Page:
Speaker types

Within the linguistic study of endangered languages, sociolinguists distinguish between different speaker types based on the type of competence they have acquired of the endangered language. Often in situations where a community is gradually shifting away from an endangered language to a majority language, not all speakers acquire full linguistic competence, but have varying degrees and types of competence depending on the kind of exposure to the minority language they experienced in their upbringing. Originally the relevance of speaker types in situations of language shift was noted by Nancy Dorian who coined the term semi-speaker to refer to those speakers of Sutherland Gaelic who were predominantly English-speaking and whose Gaelic competence was limited and showed considerable influence from English.[1][2] Later studies added additional speaker types such as rememberers (who remember some words and phrases but have little or no grammatical competence and do not actively speak the language), passive speakers (who have nearly full comprehension competence but do not actively speak the language). In the context of language revitalization, neo-speakers who have learned the endangered language as a second language are sometimes distinguished.[3][4][5]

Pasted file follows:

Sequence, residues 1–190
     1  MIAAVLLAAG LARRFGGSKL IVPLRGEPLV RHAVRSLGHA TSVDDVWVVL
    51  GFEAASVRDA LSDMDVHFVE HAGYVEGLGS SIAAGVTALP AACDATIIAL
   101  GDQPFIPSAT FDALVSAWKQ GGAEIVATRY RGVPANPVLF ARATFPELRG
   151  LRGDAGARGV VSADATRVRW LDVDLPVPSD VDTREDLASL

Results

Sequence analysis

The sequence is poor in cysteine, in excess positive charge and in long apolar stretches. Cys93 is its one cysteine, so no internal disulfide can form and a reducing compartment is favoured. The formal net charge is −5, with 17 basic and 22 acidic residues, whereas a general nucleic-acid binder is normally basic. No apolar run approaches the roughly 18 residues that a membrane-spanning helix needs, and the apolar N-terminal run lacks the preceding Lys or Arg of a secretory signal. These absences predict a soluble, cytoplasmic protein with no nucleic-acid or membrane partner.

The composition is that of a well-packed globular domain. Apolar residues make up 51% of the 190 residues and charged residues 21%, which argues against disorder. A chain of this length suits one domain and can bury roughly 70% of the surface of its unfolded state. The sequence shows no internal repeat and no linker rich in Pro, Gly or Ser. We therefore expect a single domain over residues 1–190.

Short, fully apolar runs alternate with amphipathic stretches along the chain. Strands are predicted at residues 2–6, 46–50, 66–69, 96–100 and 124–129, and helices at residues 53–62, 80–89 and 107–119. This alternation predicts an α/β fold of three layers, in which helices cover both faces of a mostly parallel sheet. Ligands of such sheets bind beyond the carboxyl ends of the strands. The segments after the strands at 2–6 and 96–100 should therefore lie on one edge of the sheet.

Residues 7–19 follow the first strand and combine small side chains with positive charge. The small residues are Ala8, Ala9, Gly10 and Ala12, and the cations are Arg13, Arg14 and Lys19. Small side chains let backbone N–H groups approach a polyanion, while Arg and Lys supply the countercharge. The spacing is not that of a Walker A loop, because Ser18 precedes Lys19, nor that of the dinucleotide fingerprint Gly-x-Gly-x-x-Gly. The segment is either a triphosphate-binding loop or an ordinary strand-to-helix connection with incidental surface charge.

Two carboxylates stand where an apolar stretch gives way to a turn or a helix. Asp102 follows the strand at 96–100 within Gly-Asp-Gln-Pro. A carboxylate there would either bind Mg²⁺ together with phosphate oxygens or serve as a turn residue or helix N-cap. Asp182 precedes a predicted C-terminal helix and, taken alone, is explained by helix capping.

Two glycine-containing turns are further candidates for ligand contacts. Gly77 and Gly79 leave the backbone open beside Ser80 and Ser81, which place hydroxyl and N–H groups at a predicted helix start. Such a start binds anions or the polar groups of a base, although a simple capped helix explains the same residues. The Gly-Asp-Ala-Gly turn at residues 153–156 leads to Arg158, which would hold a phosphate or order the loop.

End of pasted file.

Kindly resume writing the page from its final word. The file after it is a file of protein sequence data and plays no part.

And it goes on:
In contexts of language acquisition and language teaching studies sometimes there is a distinction between native speakers and second language speakers, depending on whether language was learned as a language of primary socialisation or learned after already having fully acquired a first language. In contexts of multilingualism a bilingual speaker may also be described as a heritage speaker (A heritage language actually refers to a language whose speakers have moved from the original area where the language was spoken: eg. Welsh is a heritage language in Patagonia, but not in Wales) if they have not been as fully exposed to one of their languages, leading to a diminished degree of confidence in themselves as speakers, and sometimes also limited competence in one of their languages.